OR Tambo District’s first Covid-19 death has come as a surprise to everyone involved — from family and friends, to healthcare workers and the local government. This is due to his Covid-19 diagnosis being post mortem.
Eastern Cape health department spokesperson, Judy Ngoloyi, confirmed that a 79-year-old man was the first patient to pass away from Covid-19 related issues in the OR Tambo region. He was an outpatient at Nelson Mandela Academic Hospital, where he came in to be seen for urinary incontinence, and passed away at his home in New Payne on 13 April.
Ngoloyi tells Health-e News that they only knew about the man’s status after he passed away, and started to test those who were in contact with him.
Since the confirmation of his status, the Department of Health has sent healthcare workers out to do mass screening and testing for Covid-19 in the New Payne community.
‘My heart sank when I heard the news’
A New Payne resident, Thembelani Mdingi, spoke with Health-e News, saying that he was in a complete state of shock after hearing that the deceased had died due to Covid-19 related issues.
“On the 29 March, I attended a funeral in New Payne, but the elderly man [the deceased] was not there, as he was at another funeral in Port St John. On 30 March he came back and we spent time together with other people who were attending the funeral here in New Payne,” he says.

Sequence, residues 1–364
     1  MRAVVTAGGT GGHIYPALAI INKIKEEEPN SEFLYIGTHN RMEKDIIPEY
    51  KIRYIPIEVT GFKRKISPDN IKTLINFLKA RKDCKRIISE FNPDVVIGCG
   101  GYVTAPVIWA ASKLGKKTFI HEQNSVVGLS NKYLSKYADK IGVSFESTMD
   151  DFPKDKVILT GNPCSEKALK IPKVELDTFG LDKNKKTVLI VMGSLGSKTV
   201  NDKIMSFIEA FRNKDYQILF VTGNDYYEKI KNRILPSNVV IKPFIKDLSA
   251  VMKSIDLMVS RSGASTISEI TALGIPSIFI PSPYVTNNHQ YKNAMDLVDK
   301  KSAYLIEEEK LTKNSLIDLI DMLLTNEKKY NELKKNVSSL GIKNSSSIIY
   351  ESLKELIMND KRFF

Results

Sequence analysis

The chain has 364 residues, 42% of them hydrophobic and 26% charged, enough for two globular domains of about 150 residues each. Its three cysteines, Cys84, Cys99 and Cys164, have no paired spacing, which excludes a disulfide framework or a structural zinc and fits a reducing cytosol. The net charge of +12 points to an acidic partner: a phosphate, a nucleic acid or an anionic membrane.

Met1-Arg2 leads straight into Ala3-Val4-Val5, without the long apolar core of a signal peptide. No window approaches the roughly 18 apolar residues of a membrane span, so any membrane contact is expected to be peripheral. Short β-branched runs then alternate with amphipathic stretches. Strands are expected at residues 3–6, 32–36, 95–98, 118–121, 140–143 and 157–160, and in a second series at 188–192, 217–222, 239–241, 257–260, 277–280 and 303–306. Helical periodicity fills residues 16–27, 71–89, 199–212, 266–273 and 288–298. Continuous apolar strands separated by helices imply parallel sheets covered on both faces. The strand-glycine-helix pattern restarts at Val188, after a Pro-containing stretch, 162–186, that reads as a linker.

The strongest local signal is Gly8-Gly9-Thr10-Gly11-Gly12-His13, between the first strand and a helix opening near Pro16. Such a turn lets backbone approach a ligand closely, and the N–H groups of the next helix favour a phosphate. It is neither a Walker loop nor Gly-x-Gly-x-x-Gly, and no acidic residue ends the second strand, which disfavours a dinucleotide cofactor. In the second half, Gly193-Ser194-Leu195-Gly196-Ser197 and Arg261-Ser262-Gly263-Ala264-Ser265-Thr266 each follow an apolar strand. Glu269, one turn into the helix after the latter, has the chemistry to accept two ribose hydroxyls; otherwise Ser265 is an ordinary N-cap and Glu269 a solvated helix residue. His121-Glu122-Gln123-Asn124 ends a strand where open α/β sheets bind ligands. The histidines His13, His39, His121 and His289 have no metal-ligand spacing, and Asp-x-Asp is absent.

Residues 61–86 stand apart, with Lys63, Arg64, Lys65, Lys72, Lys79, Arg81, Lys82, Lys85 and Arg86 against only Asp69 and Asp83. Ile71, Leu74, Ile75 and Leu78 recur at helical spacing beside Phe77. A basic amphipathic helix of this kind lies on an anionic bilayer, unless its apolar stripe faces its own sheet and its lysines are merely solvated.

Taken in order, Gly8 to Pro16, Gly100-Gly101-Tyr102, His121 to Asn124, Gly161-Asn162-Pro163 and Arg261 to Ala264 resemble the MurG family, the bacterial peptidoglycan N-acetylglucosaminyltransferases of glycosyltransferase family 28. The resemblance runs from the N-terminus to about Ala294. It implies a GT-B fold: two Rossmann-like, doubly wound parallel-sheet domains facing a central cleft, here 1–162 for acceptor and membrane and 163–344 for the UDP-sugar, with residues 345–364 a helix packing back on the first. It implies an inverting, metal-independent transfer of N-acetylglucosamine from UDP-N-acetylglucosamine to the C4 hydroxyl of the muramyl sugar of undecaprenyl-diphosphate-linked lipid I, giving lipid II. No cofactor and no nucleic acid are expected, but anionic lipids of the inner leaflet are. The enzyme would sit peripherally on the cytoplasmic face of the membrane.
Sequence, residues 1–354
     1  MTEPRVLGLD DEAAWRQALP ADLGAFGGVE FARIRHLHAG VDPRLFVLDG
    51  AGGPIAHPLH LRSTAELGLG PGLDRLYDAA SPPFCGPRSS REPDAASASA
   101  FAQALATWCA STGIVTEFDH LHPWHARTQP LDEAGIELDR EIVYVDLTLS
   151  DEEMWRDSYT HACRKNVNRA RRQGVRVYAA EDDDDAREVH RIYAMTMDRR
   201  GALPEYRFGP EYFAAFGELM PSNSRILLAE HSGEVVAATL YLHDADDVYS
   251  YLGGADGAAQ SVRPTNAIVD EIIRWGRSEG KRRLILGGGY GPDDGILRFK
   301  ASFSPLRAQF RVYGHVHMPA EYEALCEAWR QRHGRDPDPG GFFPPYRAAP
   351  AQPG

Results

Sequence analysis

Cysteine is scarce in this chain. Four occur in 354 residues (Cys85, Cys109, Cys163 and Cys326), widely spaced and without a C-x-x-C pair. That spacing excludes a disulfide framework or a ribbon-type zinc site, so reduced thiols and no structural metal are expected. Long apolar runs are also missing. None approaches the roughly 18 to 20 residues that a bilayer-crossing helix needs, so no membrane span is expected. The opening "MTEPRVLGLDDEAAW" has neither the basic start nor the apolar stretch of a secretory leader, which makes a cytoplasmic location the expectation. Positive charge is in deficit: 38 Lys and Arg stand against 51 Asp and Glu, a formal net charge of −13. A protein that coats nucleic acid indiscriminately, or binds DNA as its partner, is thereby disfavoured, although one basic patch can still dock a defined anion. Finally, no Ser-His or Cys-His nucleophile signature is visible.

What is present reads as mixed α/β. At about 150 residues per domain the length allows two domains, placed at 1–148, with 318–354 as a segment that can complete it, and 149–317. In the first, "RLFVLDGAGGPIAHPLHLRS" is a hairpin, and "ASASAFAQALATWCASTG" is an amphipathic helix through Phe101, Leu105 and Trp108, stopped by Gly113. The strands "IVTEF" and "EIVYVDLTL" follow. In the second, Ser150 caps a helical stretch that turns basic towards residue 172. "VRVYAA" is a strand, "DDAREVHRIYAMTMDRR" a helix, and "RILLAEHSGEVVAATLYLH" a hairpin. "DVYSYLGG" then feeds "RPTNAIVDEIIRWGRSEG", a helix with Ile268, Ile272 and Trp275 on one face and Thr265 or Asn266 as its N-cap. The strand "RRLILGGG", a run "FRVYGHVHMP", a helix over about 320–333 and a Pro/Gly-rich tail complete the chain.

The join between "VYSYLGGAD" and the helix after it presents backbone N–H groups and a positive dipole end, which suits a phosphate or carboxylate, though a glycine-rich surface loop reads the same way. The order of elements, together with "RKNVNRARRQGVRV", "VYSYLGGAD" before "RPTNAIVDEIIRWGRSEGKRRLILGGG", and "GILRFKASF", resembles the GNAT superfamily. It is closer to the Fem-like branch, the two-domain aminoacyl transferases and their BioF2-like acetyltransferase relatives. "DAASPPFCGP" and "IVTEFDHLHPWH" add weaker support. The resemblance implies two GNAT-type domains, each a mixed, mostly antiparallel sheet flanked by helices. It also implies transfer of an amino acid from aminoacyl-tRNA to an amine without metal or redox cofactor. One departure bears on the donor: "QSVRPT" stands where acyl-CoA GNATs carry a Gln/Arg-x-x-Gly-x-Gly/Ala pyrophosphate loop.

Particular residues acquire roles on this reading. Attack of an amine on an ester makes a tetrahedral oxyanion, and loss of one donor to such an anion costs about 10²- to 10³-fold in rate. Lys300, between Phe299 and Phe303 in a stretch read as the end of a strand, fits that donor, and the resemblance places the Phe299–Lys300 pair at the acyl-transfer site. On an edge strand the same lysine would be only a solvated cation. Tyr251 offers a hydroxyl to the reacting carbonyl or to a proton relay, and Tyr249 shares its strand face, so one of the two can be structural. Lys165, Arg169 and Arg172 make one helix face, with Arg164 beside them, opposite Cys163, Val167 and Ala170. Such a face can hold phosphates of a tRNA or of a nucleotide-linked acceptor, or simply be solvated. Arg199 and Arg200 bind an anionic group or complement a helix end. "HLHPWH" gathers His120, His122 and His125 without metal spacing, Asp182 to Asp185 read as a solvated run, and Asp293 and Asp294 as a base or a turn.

“When I first heard about this case my heart sank, and I didn’t even have one peaceful night’s sleep because I was with him on 30 March. But I’m happy that I’ve been tested [for Covid-19] now,” adds Mdingi.
Healthcare workers chased out of community
Although a mass screening and testing campaign was launched into high gear after the passing of the man in New Payne, nurses and healthcare workers were chased away by the community — some of whom allegedly locked their property’s gates and set their dogs on the healthcare workers.
The maligned healthcare workers formally complained to Ward 30 councillor, Bongani Bikani. He condemned the community’s behaviour, and said people still need to be educated and given more information about the Covid-19 pandemic.
He also added that there’s a “possibility that the number of infections can increase as there were many people who were in physical contact with the late man.”
According to the Eastern Cape Health MEC, Sindiswa Gomba, the number of infections continue to increase because people aren’t complying with the regulations of the lockdown — especially with regards to funerals.
The first Covid-19 confirmed cases in the OR Tambo region was reported a week ago in Majola village, Port St Johns, where six people tested positive for Covid-19. — Health-e News
For more information on Covid-19 in South Africa, you can call the toll-free line on 0800 029 999, or you can send a message that says “Hi” on WhatsApp to the number 060 012 3456. You can also visit the SA Coronavirus website.